The very first strain of Covid has been overtaken by more contagious versions. As the virus evolves, it would make sense that its symptoms do too. Here are the latest warning signs of the disease to be aware of.
Data from millions of users have suggested fever is a warning sign of a Covid infection. This aligns with the “high temperature” symptom mentioned by the NHS, and is part of the classic triad of symptoms.
The Covid Symptom Study reported around four in 10 people who tested positive for the virus had a fever; this is regarded as having a temperature reading over 37.8C.
For the over 65s, or those who are very thin, “your body temperature is likely to be lower”, meaning that a reading over 37.4C should be considered a fever.
A persistent cough is part of the classic triad of symptoms highlighted by the NHS.
This is usually a dry cough, meaning no phlegm or mucus is brought up (unless you have an underlying lung condition).
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However, if you do have a persistent cough and it’s producing yellow or green gunk, it could be a sign of an additional bacterial infection in the lungs.
The researchers warned: “Coughing is a major way that coronavirus spreads. If you have a cough that could be COVID-19 you must get a test and self-isolate.”
Only around one in 10 people with Covid will have a persistent cough as their only symptom.
This is when there is a loss or change to your sense of smell; reports suggest you’re unlikely to be able to smell coffee, flowers or candles.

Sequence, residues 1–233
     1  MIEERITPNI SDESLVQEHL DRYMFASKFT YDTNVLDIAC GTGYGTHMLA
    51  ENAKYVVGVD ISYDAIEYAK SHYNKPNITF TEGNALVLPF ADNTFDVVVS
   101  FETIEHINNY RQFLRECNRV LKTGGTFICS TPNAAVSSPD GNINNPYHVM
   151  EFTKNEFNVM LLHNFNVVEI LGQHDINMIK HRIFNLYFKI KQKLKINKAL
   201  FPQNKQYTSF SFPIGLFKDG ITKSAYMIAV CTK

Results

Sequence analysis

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“Anosmia is one of the commonest symptoms of COVID-19, affecting an average of 60 percent of adults aged 16-65 at some point in their illness,” said the researchers.
It’s also the “most predictive symptom of having a positive test for COVID-19”.
Although a headache is a less well known symptom of Covid, it’s reportedly more common than the classic three: cough, fever and loss of smell.
The researchers noted: “Although many people with COVID-19 experience headaches, most people with a headache will not have COVID-19.”
This is because headaches are extremely common, especially with people spending more time looking at screens.
What’s the difference between a normal headache and a Covid headache?
The researchers found that Covid headaches tend to be:
- Moderately to severely painful
- Have a ‘pulsing’, ‘pressing’ or ‘stabbing’ sensatoin]
- Occur across both sides of the head (bilateral) rather than in one area
- Last for more than three days
- Is resistant to regular painkillers
Around seven in 10 adults who are ill with COVID-19 will experience a Covid headache.
Other Covid symptoms include:
- Loss or change in taste (dysgeusia)
- Sore throat
- Sudden confusion (delirium), especially in older adults
- Skin rash
- Covid tongue
- Covid fingers/toes
- Shortness of breath
- Chest pains
- Muscle pains
- Hoarse voice
- Skipping meals
- Abdominal pain
- Runny nose
The researchers clarified: “These symptoms have been reported more often by people who have a positive test than those testing negative.
“Of course, having one or more of these symptoms does not mean it’s definitely due to COVID-19, as they can also occur with other illnesses.”
Right now, you’re only eligible for a free NHS test if you have one of the classic triad of symptoms:
- Loss or change to your sense of smell or taste
However, data from the Covid Symptom Study shows that 31 percent of people who are ill with Covid don’t have any of these three signs in the early stages.
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